23 January 2009

EMD V: The Problem with Softball

If you have arrived at this post directly, and are not familiar with my research, you may want to also visit some of the posts under the Valence Theory and Thesis labels, as well as reading the very quick primer.

Social outings in an organization have become almost de rigueur: getting the folks in accounting together with the sales team, the warehouse people in touch with the executives, the people among the admin staff interacting with the cubicle denizens – all good stuff, aimed to promote camaraderie, social networking, and general humanizing of an often impersonal, fractious, and otherwise cold bureaucratic environment. Such outings are often disguised as so-called team building exercises, but they often only focus on those among the hierarchical elite who participate in work teams. But how effectively does trusting that someone will catch you when you fall backwards into a mini-moshpit of work colleagues translate into trusting that those same colleagues will expedite your expense report, or provide you with all the information you need for your account presentation, or not damage your reputation through innuendo when you’re both up for promotion?

Granted, activities like outings, picnics and the seemingly ubiquitous softball tournament (golf for sales people) among work colleagues are ways of breaking the ice in a (mostly) non-threatening, relatively low-stakes environment. Familiar faces often get matched with names and an appreciation for unrecognized skills, and thus, so the theory goes, creates better working relationships. Yes, affective engagement is very important in the workplace, sometimes even more important than strict competence according to Rotman professor, Tiziana Casciaro. But does outside-the-workplace socializing translate to more effective behaviours within?

I’m not sure the answer to that question is clear. What is clear to me is that going outside the workplace to have fun, and thereby creating positive affective connections, is a characteristic behaviour of BAH organizations attempting to rebalance the often out-of-balance work/life balance. Creating opportunities for social engagement (“social networking” to use the new-fangled jargon) is important. I'm not at all disputing that. However, creating such opportunities in a way that is not holistically integrated into the work environment and the organizational culture ironically reinforces the notion that one’s work is distinct from one’s life. What happens in Vegas may well stay in Vegas; to a large extent, what happens in the infield (or even the outfield) stays out in the field and rarely translates to the office in a way that effects cultural tranformation and the healing of organizational dysfunctions.

What I have seen in the more-UCaPP organizations that have participated in my research is that, characteristically, social engagement is well-integrated into the work environment. One organization with a global reach, whose members are often travelling far afield, still place a high value on social engagement through mutual checking-in, “socializing" information (their terminology that expresses not merely conveying information, but contextualizing it in a holistic fashion), and watching out for each other’s psycho-social wellbeing through systemic organizational structures. Another participant organization has created a language and framework for getting things done – especially those things that are more infrastructure related within the organization. They have created a game metaphor, complete with game boards, rules of play, and required, permitted and forbidden moves. They role play for extended periods to understand their client’s customers, and the CEO often signs her emails asking how her correspondent is going to have fun today.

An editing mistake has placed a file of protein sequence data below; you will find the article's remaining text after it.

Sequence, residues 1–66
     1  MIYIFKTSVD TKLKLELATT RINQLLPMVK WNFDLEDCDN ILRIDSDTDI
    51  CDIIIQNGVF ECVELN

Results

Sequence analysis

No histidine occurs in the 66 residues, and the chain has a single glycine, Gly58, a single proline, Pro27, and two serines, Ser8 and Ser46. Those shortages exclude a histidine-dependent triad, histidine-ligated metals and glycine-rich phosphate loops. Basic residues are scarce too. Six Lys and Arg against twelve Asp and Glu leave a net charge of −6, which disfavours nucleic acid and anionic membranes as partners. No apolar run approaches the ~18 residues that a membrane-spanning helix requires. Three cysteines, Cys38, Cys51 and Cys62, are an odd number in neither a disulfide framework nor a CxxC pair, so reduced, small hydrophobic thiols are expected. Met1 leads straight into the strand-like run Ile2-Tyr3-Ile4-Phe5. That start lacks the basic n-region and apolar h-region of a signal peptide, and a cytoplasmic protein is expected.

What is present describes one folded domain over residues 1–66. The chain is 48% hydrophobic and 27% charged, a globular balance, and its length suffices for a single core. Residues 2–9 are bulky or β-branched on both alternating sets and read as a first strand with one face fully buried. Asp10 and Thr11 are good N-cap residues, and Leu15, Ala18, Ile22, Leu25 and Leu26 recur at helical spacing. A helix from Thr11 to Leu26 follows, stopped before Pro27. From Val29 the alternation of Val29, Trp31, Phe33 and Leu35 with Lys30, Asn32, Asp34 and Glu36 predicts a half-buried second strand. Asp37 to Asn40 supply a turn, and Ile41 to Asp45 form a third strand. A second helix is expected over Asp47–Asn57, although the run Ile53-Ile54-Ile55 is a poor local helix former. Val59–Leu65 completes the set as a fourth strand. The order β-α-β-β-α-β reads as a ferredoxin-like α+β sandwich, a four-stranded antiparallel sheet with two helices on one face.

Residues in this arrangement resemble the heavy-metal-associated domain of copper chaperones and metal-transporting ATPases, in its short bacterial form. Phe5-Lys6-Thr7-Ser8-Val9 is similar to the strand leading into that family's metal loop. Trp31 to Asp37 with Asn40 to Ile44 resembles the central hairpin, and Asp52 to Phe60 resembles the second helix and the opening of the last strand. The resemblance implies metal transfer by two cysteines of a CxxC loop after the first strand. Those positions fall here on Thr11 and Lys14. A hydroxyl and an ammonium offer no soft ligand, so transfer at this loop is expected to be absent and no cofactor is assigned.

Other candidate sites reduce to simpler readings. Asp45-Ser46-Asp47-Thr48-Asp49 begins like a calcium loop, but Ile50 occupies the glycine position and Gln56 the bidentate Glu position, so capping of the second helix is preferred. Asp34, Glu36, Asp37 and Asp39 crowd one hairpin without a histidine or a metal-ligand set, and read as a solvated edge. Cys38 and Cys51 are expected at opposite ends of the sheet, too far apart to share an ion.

In BAH organizations, work/life balance is measured according to how much time is spent away from the workplace. In UCaPP organizations, the life part of work/life balance is generally considered holistically, with work being an integral part of life. The balance comes from assessing how much those with whom the individual is in relation truly recognize and value the individual’s contributions to work, compared to how other aspects of the person’s life are valued (which, not surprisingly, corresponds to the economic-ba valence relationship). Softball outings and the like don’t help with this sort of valuing in UCaPP organizations, and arguably can over-emphasize systemic dysfunctions in BAH organizations.

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1 comment:

Anonymous said...

i think that one problem is that people get hit to much and after that they dont want to play as hard as they want to